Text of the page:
Nothing else betrays so quickly the social condition of a race as the status of its womankind. The difference between the Zapotec women and their uncomely, unkempt sisters of northern Mexico is almost the difference between savagery and civilization.


  • The greatest moment in the history of Tehuantepec, however, began in 1907, with the inauguration of the Trans-Isthmus Railway, connecting the Atlantic and Pacific oceans. At its height it was one of the busiest railroads in the Americas, bringing prosperity to all towns on route. During this period the Tehuana costume received lace decorations from Holland, shawls from the Philippines, and necklaces of real gold coins came into fashion. To add to the cosmopolitan atmosphere, food acquired a Mediterranean and Arabic flavour, and music was enriched with rhythms from Cuba and Chile.
  • During the 1920s the symbol of the Tehuana became exactly what artists, intellectuals and politicians were looking for to represent a new inspired Mexico – a Mexico that could embrace its indigenous cultures and come together as a proud Nation. One of the artists responsible for depicting the Istmus Zapotecs as this new symbol of Mexico was Diego Rivera.
    Jose Vasconcelos the Minister of Education, commissioned Diego to paint a series of murals celebrating traditional Mexican life. He sent the artist south to Tehuantepec to gain inspiration. The result is a set of murals that cover the entire first floor balcony of the Ministry of Education in Mexico City, and which glorify the life of the local Tehuanas. Diego did such a good job in fact that he managed to transform the voluptuous Istmus women into Greek Goddesses to be worshiped by the Mexican public.


  • Other artists and intellectuals soon flocked to the region to be inspired by the aesthetic power of the women, among them, Diego’s wife Frida Kahlo. By painting herself in traditional Isthmus costumes, and wearing their outfits on a daily basis in public, Frida helped to popularise the women even further. She was using the Tehuana image to be seen both as an intellectual sympathiser of indigenous cultures, and a flamboyant independent woman.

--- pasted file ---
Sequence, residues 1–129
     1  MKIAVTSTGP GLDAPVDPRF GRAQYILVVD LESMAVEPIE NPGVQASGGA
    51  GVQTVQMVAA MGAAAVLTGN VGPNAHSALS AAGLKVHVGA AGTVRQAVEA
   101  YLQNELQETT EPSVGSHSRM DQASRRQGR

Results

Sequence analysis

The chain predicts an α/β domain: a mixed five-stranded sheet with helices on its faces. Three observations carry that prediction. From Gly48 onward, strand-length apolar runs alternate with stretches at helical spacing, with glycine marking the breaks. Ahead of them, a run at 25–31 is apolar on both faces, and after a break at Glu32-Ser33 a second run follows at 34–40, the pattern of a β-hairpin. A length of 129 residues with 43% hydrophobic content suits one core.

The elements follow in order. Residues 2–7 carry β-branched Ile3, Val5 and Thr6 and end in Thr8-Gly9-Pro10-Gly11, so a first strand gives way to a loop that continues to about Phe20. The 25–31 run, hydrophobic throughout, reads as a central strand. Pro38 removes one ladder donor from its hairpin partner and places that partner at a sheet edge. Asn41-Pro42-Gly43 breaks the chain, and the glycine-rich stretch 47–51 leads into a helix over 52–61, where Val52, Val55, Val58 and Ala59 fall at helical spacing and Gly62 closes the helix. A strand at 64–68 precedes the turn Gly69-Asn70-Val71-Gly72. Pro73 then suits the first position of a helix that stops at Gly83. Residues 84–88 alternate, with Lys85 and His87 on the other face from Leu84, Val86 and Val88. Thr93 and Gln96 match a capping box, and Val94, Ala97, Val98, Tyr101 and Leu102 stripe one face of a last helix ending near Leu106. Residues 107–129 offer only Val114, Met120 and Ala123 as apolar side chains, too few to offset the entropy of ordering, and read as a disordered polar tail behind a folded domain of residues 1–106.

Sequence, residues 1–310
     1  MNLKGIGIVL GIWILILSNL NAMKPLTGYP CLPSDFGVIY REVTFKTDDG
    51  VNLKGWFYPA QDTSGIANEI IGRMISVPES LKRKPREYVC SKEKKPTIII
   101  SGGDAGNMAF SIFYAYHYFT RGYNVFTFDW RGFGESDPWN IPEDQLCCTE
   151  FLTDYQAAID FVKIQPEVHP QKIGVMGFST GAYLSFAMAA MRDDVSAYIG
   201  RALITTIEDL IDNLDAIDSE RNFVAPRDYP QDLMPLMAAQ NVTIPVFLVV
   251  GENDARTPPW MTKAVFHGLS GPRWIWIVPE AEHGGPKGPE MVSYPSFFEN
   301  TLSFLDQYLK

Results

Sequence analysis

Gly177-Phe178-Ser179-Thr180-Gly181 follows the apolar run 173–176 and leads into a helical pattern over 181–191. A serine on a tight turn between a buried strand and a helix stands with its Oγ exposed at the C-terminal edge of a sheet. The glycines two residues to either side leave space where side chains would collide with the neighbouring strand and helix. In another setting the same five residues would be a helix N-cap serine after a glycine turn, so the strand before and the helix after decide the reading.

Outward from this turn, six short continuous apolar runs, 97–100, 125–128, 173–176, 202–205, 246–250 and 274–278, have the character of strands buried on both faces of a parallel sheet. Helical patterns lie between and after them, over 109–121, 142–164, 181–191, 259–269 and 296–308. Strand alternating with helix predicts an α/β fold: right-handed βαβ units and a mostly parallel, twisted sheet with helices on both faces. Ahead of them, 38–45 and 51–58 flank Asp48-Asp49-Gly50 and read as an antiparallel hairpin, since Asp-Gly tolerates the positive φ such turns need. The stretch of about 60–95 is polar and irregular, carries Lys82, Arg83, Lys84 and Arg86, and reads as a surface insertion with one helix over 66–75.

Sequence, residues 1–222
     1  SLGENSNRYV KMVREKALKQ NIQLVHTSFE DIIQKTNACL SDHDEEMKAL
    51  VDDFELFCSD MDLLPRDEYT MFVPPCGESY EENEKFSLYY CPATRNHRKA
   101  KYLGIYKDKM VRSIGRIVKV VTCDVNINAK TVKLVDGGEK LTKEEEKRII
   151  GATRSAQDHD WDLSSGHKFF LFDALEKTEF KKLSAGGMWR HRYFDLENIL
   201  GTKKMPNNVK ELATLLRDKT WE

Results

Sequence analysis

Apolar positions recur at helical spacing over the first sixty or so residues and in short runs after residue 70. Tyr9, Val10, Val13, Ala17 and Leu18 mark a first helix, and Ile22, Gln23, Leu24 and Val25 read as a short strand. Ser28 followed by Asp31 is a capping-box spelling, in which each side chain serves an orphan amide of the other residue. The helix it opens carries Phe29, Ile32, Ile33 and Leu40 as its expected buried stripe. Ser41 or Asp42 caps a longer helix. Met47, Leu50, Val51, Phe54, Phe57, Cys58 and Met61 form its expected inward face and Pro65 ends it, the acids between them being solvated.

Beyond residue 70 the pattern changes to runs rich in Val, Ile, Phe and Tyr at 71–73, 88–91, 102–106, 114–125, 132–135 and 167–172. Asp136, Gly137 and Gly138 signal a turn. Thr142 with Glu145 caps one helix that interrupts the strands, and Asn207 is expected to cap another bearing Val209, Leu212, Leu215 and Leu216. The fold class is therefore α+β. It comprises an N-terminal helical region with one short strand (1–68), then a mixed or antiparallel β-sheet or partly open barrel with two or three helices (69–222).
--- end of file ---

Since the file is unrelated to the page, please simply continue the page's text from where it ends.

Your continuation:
• By the 1930s the Tehuana image had become an established symbol of Indigenous Mexico. Films portrayed Tehuantepec as the magical birthplace of Mexican culture: breweries gave away calendars with pictures of pretty girls in Tehuana dresses, and operetta companies presented strains of local Isthmus songs, La Zandunga and La Llorona, now famous all over the world. All classes of Mexicans were being irrepressibly drawn into the enigma of the Tehuana.
  • Popularity culminated when the face of a local Isthmus girl was printed onto a ten pesos bank note, in circulation from 1937 to 1967. Since then, however, the iconic status of the Tehuana has slowly been on the decline, and, for many, the reputation of the Isthmus Zapotec women has drifted into the realm of legend.


So… there you have it. How the Tehuana rose to such heights of fame, usually reserved for royalty.

For me, however, just because the Isthmus Zapotec women were clever enough to use various situations to their advantage, does not necessarily mean they are matriarchal…

Stay posted for more of our adventures in the Isthmus of Tehuantepec.

Thank you for your interest in our project.